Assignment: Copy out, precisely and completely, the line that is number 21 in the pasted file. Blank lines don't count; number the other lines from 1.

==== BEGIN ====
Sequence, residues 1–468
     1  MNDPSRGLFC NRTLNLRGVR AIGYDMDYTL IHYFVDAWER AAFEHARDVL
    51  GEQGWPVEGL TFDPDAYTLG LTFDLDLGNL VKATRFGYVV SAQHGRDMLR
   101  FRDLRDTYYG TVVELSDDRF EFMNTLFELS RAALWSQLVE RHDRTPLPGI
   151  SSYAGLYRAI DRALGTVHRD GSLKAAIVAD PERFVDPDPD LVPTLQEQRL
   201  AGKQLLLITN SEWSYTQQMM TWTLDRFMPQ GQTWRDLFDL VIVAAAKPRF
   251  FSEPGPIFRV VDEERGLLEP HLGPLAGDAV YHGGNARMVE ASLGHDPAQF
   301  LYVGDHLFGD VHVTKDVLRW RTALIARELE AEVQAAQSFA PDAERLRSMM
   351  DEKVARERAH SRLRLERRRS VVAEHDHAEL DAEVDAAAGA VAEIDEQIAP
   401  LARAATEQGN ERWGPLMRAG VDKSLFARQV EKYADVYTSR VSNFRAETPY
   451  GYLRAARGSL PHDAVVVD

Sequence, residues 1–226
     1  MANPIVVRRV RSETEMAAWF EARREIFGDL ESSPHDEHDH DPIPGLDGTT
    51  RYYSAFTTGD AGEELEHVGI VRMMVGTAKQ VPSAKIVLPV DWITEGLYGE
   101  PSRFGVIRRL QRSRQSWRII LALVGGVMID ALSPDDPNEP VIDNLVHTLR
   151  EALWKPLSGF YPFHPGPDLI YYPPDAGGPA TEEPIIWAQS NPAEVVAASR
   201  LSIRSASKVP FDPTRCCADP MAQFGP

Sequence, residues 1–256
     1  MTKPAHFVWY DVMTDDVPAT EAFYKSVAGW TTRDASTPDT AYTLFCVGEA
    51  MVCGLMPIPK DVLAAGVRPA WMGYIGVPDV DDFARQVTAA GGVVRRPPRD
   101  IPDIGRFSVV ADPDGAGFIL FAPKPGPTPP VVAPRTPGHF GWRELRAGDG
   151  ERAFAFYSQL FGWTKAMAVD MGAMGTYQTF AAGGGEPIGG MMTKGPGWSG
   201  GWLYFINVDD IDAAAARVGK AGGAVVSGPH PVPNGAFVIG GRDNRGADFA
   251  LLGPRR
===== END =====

   101  IPDIGRFSVV ADPDGAGFIL FAPKPGPTPP VVAPRTPGHF GWRELRAGDG